- Spray the bike over, usually the lower regions, with a good degreaser/traffic film remover, a few examples Auto Finesse Citrus Power, Koch Chemie Green Star (cheap and effective, dont forget to dilute the product). I wouldn't spray these on your seat but each to their own. Let them dwell to break down dirt/grime then re-rinse with the jet wash.

- If you have a snow foam lance then use that to snow foam the bike to aid further grime removal. Let it dwell then rinse. You could go around the bike with a detailing brush whilst the foam is working and get all the nooks and crannies that you wont be able to reach with a wash mit. Just be careful and choose a good detailing brush (valet pro detailing brushes would be a good place to start and wont cost a lot or detailing factory burshes if you're feeling flush and/or have recently remortgaged). If you don't snow foam the bike you can still go around with detailing brushes but be more careful of trapped dirt/grit - it will cause scratches if you drag it across the paint or metal work. You could use a spray APC (All purpose cleaner) in a foaming sprayer or spray bottle with a foaming head (super cheap and effective) and the detailing brushes if lieu of snow foam for the nooks and crannies.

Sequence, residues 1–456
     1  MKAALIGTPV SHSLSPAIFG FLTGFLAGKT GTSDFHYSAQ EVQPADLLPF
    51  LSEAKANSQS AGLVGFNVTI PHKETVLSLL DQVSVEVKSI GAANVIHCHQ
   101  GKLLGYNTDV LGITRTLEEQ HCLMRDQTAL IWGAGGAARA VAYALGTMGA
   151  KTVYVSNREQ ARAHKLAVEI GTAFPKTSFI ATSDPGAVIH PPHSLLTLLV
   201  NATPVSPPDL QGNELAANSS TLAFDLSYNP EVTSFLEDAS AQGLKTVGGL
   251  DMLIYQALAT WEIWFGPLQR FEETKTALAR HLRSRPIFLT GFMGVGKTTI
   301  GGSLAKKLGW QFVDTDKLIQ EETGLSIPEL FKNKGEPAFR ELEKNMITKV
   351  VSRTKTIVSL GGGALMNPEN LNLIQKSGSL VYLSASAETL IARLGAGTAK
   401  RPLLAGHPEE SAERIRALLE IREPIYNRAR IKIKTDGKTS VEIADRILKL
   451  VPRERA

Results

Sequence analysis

- Power wash the snow foam off (if you've used it). If not, doesnt matter. Get a couple of buckets (grit guards optional but recommended). Fill one with a good quality car shampoo and water (tons of shampoos out there - most recent ones I've used are Angelwax and Bilt Hamber) and the other bucket with clean water. Use a good quality microfiber wash mit or wool mit (again loads out there).

- Use the shampoo bucket to load up the wash mit and wash a section at a time, straight lines or a best as, nice and soapy for loads of lubrication (will help release trapped dirt and stop it dragging across the paint). After each section rinse the mit in the clean water bucket and check that no dirt is trapped in your wash mit. Return the clean wash mit to the shapoo bucket and repeat the process until the bike is clean.